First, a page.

A History of Religion in America: From the End of the Civil War to the Twenty-First Century provides comprehensive coverage of the history of religion in America from the end of the American Civil War to religion in post 9/11 America. The volume explores major religious groups in the United States and examines the following topics:
- The aftermath of the American Civil War
- Immigration’s impact on American religion
- The rise of the social gospel
- The fundamentalist response
- Religion in Cold War America
- The 60’s counterculture and the backlash
- Religion in Post-9/11 America
Chronologically arranged and integrating various religious developments into a coherent historical narrative, this book also contains useful chapter summaries and review questions. Designed for undergraduate religious studies and history students A History of Religion in America provides a substantive and comprehensive introduction to the complexity of religion in American history.
Table of Contents
1. The Challenges of Immigration, Growth, and Diversity
2. Industrialization, Urbanization, and the Social Gospel, Here and Abroad
3. Science Versus Religion: Action and Reaction
4. Religion in America between the World Wars
5. Religion in Post-World War II America, 1945 to 1960
6. Religion in an Age of Turmoil – the 1960s and 1970s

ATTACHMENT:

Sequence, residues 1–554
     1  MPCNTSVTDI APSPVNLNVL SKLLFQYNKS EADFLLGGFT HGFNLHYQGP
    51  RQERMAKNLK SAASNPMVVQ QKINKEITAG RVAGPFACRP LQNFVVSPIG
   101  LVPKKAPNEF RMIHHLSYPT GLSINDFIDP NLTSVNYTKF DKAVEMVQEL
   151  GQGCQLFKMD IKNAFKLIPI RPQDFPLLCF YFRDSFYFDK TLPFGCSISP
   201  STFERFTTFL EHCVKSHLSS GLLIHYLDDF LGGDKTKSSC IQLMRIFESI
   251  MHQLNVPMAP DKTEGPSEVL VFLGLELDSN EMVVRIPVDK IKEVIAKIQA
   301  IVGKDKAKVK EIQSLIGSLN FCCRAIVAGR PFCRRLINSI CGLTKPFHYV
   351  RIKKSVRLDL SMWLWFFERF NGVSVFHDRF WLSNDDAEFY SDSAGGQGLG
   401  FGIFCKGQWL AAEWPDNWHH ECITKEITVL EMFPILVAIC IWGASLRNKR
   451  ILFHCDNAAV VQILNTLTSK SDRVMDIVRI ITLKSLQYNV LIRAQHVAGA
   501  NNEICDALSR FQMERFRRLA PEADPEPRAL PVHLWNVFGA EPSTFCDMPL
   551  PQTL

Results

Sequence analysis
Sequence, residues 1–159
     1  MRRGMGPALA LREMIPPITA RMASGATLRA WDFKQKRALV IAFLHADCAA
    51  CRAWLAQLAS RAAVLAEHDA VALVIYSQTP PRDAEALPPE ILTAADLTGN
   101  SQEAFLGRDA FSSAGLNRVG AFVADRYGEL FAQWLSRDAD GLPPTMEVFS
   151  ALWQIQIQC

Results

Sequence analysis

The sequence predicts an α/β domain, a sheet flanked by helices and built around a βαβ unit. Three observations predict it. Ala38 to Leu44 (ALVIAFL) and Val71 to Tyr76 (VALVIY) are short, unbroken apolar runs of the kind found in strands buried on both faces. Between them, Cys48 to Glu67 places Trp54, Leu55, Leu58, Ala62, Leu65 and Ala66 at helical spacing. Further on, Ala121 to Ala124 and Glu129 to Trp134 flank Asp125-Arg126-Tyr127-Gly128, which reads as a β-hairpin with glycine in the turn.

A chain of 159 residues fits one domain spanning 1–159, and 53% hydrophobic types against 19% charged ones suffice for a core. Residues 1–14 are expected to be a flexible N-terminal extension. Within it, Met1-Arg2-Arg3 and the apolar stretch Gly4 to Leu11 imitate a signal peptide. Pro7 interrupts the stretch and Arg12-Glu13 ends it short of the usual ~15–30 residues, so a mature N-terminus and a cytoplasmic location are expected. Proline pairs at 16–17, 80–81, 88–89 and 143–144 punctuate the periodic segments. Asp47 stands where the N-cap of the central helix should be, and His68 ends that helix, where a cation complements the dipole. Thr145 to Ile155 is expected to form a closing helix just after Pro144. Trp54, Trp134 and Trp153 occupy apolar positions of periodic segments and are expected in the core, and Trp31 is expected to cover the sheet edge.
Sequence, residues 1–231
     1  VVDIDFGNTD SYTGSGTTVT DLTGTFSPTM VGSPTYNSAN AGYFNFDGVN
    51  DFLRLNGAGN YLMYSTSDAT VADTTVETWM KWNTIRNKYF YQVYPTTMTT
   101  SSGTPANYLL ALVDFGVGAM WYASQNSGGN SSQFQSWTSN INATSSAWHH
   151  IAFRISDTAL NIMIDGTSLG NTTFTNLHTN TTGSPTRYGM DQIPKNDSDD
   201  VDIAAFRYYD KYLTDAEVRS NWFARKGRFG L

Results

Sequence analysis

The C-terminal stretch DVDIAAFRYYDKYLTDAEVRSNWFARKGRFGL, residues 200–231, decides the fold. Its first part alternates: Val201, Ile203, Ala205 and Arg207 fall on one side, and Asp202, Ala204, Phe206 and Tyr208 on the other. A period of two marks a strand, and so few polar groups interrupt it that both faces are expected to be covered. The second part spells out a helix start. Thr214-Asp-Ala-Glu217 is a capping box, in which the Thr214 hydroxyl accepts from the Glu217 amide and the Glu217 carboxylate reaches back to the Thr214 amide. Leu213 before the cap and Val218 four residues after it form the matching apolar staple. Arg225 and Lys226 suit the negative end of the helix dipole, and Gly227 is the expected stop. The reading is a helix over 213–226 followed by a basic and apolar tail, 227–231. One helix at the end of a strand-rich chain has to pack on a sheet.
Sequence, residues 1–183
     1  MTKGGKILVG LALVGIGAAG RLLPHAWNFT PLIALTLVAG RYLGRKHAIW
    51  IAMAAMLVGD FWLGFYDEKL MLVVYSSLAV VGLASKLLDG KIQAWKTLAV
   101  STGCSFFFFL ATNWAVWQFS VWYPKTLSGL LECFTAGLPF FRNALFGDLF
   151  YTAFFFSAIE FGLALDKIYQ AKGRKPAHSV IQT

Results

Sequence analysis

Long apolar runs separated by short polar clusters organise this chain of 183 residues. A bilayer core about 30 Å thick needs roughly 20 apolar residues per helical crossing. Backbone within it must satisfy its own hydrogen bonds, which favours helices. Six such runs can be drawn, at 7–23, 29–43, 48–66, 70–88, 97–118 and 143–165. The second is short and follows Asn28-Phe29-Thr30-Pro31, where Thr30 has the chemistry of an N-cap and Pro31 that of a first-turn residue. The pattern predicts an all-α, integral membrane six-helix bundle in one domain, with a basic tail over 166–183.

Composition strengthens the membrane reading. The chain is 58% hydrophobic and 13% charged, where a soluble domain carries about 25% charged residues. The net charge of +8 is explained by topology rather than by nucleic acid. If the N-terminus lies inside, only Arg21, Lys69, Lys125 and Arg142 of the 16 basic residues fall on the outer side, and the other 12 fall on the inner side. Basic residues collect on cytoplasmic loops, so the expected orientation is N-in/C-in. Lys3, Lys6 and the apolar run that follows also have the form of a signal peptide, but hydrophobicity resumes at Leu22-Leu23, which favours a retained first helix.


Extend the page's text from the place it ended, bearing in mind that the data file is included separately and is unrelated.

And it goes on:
7. An Equal and Opposite Reaction: Conservative Retrenchment in the 1980s and 1990s
8. Whither Religion in the Twenty-First Century?
Bryan F. Le Beau is retired from the University of Saint Mary, where he served as Professor of History, Provost, and Vice President for Academic Affairs. He is the author of several books on American cultural and religious history.
"LeBeau's extensive, detailed, and expertly written survey brings a wide knowledge, sympathetic understanding, and critical perspective to American religious history. The volume has particular strengths in the subjects of science and religion, free thought and humanism, and contemporary religious pluralism." Paul Harvey, University of Colorado at Colorado Springs, USA
"It focuses student and faculty minds on important lessons of history from a particular time in history. Students who already believe that history is “one damn thing after another” are more likely to be able to say some definite things that they learned from the book and consequently the course using these texts as a result." - James Hudnut-Beumler, Vanderbilt University Divinity School